New boat helps ES staff collect data

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Hydrologist Phil McCartney and senior environmental technician officer Stacey Stuart, both of Invercargill, trialling the new Environment Southland Q boat on the Makarewa River last week.

ENVIRONMENT Southland (ES) has a new $27,000 piece of equipment.

ES staff were at the Makarewa River testing a Q boat last week.

The Q boat was a remote-controlled battery-powered driverless boat with twin propellers to drive it against a river’s current, ES senior environmental officer Warren McNamara said.

About a metre in length and weighing about 20kg, with a top speed of 4 to 6 metres per second, the Q boat remains stationary on the river’s surface and uses an on-board miniature sonar system to measure the current’s strength, Mr McNamara said.

Q boat is about a metre in length and weighing about 20kg, with a top speed of 4 to 6 metres per second.

ES hydrologist Phil McCartney said sound waves sent out by the boat detected particles being carried along in the river. The river’s speed could then be calculated from how fast the particles were travelling.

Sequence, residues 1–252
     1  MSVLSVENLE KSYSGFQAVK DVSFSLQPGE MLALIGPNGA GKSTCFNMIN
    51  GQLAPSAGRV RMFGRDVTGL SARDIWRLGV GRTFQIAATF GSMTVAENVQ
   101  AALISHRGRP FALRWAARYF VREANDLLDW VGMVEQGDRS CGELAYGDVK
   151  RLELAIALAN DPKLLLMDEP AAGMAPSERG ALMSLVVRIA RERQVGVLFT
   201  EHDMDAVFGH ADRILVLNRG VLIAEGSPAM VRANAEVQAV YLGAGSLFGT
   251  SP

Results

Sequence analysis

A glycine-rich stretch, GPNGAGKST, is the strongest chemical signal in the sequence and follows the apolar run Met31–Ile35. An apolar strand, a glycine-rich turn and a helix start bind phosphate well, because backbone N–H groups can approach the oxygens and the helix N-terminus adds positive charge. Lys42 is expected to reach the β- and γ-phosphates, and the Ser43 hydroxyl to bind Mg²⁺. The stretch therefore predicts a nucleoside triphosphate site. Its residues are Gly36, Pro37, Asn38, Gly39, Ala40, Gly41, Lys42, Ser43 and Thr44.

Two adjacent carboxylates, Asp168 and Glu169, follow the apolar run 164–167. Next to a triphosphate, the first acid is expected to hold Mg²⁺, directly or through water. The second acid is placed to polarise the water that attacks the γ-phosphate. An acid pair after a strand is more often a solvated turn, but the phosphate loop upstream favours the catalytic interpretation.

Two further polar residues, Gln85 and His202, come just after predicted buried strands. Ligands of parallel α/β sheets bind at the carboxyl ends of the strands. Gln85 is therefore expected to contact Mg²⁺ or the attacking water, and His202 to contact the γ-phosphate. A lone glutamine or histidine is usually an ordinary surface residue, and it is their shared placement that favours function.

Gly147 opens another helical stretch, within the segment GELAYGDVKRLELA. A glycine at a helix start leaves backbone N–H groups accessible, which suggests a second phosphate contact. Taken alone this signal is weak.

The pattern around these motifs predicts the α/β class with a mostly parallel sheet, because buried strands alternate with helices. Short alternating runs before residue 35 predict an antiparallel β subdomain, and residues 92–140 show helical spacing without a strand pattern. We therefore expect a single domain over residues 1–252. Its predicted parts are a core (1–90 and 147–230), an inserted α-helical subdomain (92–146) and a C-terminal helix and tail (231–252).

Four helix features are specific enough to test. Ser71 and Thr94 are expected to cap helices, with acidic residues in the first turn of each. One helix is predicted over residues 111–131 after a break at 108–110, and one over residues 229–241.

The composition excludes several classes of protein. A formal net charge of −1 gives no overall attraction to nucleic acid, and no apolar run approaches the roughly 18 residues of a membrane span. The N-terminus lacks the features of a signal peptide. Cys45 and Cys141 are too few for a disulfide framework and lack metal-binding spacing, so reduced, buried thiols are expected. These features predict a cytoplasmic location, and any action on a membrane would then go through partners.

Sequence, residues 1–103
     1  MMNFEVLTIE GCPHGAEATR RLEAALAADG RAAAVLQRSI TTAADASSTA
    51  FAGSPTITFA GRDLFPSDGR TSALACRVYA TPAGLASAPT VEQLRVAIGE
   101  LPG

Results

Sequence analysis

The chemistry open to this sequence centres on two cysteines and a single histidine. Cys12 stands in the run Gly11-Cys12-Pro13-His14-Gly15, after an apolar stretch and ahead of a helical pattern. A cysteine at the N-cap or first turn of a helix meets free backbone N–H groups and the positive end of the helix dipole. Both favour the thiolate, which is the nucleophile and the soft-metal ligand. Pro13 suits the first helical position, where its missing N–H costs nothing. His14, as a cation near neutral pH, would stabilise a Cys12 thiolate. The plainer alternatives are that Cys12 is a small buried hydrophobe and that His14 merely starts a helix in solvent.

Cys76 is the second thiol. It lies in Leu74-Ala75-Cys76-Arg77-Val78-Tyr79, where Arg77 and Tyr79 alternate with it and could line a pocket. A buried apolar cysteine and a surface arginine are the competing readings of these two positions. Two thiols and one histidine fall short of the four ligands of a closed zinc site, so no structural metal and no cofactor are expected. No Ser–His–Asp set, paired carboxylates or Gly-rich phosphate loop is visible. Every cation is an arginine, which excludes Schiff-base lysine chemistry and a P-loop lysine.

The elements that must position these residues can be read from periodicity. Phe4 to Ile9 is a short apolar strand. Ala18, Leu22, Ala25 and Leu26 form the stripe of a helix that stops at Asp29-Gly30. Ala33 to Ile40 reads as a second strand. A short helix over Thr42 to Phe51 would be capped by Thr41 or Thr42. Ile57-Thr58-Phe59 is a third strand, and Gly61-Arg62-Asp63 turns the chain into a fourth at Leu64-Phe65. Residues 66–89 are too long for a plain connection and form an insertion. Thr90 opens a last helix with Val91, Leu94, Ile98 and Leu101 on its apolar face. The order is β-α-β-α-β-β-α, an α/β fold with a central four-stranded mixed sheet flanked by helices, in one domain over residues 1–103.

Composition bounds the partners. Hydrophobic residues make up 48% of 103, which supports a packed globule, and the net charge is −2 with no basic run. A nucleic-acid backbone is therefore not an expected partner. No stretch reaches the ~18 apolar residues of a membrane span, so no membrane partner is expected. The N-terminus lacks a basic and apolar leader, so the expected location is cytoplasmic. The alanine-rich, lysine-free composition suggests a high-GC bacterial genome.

The Q boat could be used to safely collect data when river levels were too high or too swift for staff to wade in, he said.

However, Mr McNamara said the boat could not be used on rough-surfaced rivers.

The Q boat would be used to plot the flows of Southland rivers and the public could access the information on the ES website, Mr McNamara said.

“A lot of people use and rely on that information for flood events,” he said.

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